There are a lot of professions out that that require many hours of dedication and time away from home. The oil and gas industry is not the only one. Having gone deep into the thought of my own life and spent countless hours on why my personal life played out as it did I finally realized what the ultimate cause of the failure was. It has nothing to do with the industry a person works in and everything to do with how two people in a relationship choose to keep their relationship going. It's real easy to blame the profession or something else as the cause of a failed relationship instead of accepting responsibility for your actions or lack thereof. Blaming your significant other's profession because your relationship is in the crapper is just a cop-out. There is blame on both of the individuals and it is their responsibility to figure out what they have to do to keep their relationship strong. It might be that the one who works the profession that keeps them apart will decide to change careers. But, I also think there are ways to keep the relationship together without changing careers. It all boils down to what the two of you decide together and both are happy within your own comfort zone.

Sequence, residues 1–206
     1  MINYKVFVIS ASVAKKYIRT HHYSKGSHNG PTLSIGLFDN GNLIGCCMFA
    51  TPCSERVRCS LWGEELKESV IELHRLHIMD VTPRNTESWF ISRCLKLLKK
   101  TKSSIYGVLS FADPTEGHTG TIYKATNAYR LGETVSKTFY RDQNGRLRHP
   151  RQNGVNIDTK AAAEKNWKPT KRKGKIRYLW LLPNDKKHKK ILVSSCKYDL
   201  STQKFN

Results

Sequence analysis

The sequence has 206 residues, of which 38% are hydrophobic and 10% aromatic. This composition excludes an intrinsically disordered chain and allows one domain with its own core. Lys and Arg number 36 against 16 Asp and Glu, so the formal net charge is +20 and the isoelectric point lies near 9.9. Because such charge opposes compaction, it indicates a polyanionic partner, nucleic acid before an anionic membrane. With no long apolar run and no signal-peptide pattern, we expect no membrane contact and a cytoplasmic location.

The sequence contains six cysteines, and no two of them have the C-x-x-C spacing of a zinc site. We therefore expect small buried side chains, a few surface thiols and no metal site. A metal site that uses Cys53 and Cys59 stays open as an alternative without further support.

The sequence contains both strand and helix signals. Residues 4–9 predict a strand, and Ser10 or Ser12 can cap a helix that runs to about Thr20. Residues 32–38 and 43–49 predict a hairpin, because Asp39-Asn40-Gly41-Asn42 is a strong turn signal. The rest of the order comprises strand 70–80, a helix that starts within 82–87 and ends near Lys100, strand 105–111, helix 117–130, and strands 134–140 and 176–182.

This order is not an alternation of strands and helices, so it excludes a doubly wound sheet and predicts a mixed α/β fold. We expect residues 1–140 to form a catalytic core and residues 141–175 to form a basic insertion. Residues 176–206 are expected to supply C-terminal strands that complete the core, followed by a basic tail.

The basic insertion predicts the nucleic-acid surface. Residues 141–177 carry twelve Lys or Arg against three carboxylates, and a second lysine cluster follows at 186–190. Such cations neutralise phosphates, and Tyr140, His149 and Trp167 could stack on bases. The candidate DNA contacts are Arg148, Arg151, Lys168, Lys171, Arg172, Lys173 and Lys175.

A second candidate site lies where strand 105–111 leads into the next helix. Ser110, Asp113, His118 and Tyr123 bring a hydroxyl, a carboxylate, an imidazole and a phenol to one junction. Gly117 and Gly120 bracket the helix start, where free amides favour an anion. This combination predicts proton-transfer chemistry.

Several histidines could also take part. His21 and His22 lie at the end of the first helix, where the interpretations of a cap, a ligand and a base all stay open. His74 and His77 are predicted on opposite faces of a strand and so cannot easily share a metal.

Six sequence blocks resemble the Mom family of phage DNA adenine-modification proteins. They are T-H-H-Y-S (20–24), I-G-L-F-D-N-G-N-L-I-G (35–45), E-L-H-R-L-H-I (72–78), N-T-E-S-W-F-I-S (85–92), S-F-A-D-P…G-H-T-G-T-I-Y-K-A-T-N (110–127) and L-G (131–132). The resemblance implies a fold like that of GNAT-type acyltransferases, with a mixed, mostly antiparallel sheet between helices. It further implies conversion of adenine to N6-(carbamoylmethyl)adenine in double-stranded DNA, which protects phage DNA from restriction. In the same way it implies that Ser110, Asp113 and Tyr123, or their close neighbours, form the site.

I got out in the weeds a bit with that last paragraph but I felt it needed to be addressed as I have heard and been a part of many discussions with my fellow workers about personal life and working away from home. Inspectors usually work in a profession that takes them away from home. Those of you who are thinking about joining the profession, you need to be ready for a lifestyle change and all the good and bad that go along with it.
The inspection position is one where you are typically the unpopular person because you are correcting things and approving or disapproving of other workers' actions. It is a position that also requires you to carry a lot of responsibility and accountability. You must possess a certain skill set to fill the position and be willing to be flexible and assertive when the situation is justified. It requires the ability to learn information quickly and be ready for constant changes in your daily activities. You have to be able to navigate multiple personalities and deal with a huge spectrum of emotions and attitudes. A lot of people view the inspector's position as "easy." There are days that are. However, what those individuals do not see is what is going on in the inspector's head. What they are doing at night to make sure they are familiarizing themselves with the project documents and writing reports. The grass isn't always greener on the other side of the fence. As with any position, there is a large part of the inspector's role that nobody ever sees or is aware of until they become one. it is not easy but has its rewards if you are inclined to dedicate yourself and commit to being a professional just as you would in any profession.